Algerian President Abdelaziz Bouteflika has warned of a risk of “chaos” amid mass protests against his plans for re-election.
In a letter published by Algeria’s official APS news agency, 82-year-old Mr Bouteflika praised demonstrators for “peacefully expressing their opinions”.
But he also urged “vigilance” against possible infiltration of the protests by “domestic and foreign” forces.
Mr Bouteflika announced last month that he would seek a fifth term.
He has ruled Algeria for 20 years but has rarely been seen in public since he had a stroke in 2013.
He announced last month that he would stand again for president, prompting large protests in towns and cities across the country, with students, lawyers and journalists taking part. Further large demonstrations are planned for Friday.
Mr Bouteflika later said in another letter that he would step down early if re-elected, but the protests have continued.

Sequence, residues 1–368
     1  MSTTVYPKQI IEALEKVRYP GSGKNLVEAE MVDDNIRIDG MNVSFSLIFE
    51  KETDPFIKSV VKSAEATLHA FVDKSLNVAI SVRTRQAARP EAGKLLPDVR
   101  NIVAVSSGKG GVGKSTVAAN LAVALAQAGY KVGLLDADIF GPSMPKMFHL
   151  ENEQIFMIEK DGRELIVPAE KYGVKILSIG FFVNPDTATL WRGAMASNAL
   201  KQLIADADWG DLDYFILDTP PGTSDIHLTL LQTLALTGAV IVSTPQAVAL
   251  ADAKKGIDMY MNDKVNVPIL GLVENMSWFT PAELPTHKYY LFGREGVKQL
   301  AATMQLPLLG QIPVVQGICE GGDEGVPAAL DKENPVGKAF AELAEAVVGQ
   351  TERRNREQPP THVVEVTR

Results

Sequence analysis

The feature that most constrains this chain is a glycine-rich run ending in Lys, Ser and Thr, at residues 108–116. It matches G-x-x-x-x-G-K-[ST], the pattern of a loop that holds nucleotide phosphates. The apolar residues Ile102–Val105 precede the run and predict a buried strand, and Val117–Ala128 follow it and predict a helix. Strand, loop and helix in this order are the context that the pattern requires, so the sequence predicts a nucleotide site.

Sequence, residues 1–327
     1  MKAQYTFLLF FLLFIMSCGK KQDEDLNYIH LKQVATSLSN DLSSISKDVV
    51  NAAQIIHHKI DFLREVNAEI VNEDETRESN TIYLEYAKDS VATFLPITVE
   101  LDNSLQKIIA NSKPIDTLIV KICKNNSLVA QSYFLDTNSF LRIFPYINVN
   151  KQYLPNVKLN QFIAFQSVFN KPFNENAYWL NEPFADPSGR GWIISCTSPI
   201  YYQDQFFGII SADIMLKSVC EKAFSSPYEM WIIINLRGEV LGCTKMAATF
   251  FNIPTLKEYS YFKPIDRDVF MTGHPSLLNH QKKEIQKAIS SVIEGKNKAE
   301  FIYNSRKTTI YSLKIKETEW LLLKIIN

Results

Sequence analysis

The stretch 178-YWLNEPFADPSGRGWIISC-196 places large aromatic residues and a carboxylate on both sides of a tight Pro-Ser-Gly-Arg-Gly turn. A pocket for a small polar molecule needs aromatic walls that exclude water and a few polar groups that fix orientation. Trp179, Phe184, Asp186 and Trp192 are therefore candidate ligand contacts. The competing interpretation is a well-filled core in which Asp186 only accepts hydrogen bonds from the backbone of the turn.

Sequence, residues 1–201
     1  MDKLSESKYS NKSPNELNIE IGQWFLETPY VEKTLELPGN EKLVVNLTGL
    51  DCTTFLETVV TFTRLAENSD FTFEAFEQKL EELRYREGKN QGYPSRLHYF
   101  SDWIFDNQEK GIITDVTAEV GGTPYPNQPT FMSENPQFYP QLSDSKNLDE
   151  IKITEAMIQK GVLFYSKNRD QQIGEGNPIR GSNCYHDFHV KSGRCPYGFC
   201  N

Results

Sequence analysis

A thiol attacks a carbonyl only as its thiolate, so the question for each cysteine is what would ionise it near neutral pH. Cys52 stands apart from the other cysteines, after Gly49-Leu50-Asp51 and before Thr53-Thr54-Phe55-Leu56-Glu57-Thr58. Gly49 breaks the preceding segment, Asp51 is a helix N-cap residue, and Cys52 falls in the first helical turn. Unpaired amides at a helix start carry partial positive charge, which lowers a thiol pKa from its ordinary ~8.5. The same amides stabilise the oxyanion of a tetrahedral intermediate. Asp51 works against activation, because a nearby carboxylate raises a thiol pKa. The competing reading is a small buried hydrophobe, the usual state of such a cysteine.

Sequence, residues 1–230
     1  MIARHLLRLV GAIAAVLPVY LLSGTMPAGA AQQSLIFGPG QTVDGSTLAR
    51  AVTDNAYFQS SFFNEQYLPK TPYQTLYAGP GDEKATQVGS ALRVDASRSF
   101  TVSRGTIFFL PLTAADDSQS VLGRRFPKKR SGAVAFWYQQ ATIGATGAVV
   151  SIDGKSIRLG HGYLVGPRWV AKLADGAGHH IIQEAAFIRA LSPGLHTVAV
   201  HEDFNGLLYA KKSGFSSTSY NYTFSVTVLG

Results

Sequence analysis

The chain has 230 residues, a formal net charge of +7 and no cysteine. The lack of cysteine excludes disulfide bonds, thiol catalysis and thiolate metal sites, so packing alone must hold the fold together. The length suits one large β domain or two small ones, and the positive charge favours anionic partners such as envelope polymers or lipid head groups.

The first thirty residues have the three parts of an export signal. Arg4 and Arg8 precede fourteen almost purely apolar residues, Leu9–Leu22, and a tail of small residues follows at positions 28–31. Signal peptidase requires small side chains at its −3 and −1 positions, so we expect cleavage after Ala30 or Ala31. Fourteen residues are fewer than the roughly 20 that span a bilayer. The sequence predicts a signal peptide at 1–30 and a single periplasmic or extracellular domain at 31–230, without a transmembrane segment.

The president was transferred to a hospital in Switzerland on 24 February, for what his campaign described as “routine” medical tests. His campaign manager told Algeria’s El Khabar newspaper on Thursday that his health raised “no concerns”.
A spokesman for the Geneva University Hospitals (HUG), where Mr Bouteflika is staying, said it had received 1,500 phone calls on Tuesday about the president after his location was revealed by French television programme Quotidien, according to French-language media reports.
While most of the calls have reportedly been enquiring about the president’s health, a number of videos posted to social media show prank calls from Algerians.